By Richard Kamenitzer, program director, Arts Management, College of Visual and Performing Arts
I received a call in late May from the U.S. State Department. They asked me to consider being the cultural envoy to the Kingdom of Swaziland during July and August. Honored to receive the consideration, I said yes.
After first reporting to the U.S. embassy in Swaziland in July for a briefing, I spent an intense two weeks in the tiny African nation.
First I met with officials of the government’s arts sector. I also met with the national curriculum executive for kindergarten through grade 12 schools and officials at the University of Swaziland. Then I interviewed artists, artist managers, promoters and events planners, and was later interviewed on both national radio and television. All of this was in preparation for three full days of workshops and a half-day seminar that I was to facilitate the following week on the subject of “The Arts and the Artist − A Partner in the Economy.”
What followed was more than 65 participants (professional artists, artist managers, promoters and planners, as well as several educators) each day working on a variety of topics and culminating in a seminar that developed a series of findings and recommendations that I would later present to Prince Lonkokhela, who serves as chairman of the National Council of Arts and Culture Board; Hlobsile Ndlovu, minister of sports, culture and youth affairs; and Stanley Dlamini, CEO of the National Council. This was done on both radio and television.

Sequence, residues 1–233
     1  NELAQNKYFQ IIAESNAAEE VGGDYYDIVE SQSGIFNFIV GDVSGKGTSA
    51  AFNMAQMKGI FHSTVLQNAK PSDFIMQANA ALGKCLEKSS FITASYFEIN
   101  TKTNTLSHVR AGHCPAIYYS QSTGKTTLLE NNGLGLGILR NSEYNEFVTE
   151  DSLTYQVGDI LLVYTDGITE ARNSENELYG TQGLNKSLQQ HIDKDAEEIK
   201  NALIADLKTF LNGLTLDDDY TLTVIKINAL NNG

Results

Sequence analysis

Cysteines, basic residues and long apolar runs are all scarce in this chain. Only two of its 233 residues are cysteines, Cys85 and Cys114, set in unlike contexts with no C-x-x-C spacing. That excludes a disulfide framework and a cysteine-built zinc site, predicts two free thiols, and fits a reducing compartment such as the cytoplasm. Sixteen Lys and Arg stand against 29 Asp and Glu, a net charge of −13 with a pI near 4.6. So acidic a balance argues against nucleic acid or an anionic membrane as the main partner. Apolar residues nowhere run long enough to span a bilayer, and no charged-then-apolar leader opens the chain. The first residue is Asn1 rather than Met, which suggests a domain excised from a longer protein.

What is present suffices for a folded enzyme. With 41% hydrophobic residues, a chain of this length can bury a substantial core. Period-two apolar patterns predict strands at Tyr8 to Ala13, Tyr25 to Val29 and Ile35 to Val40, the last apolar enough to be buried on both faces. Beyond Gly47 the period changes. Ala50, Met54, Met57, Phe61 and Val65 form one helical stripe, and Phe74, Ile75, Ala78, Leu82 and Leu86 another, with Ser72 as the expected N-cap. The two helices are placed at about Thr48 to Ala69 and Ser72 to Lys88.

After our seminar period on the fourth day, I was surprised by an impromptu concert put on by some of the leading artists in the country in my honor, and later that evening with a special party given in my honor at one of the residences of the U.S. embassy. Needless to say, it was an uplifting experience. The artists are being heard and they have come together to ask not for government help but rather a seat at the table to improve their country’s economy. The education and higher education community responded in support of a need for arts education at all levels and promised to do their part in making some of the recommended improvements.
As for me, my last official moment was being “robed” by the prince in traditional Swazi attire and given a Swazi name (Dlamini) and invited to return. This was followed by U.S. Ambassador Earl Irving publicly praising the seminar, its result and me on national television. I felt a strong sense of pride in being able to represent the United States, George Mason University (which was often referred to by the press as the University of George Mason) and the John F. Kennedy Center for the Performing Arts.
In the two weeks that have since followed, I received numerous news articles and personal notes from those who participated ― which further brought a deep sense of how powerful the arts are and can be in communities, nations and in the lives of individuals ― and how the arts have brought two nations even closer together.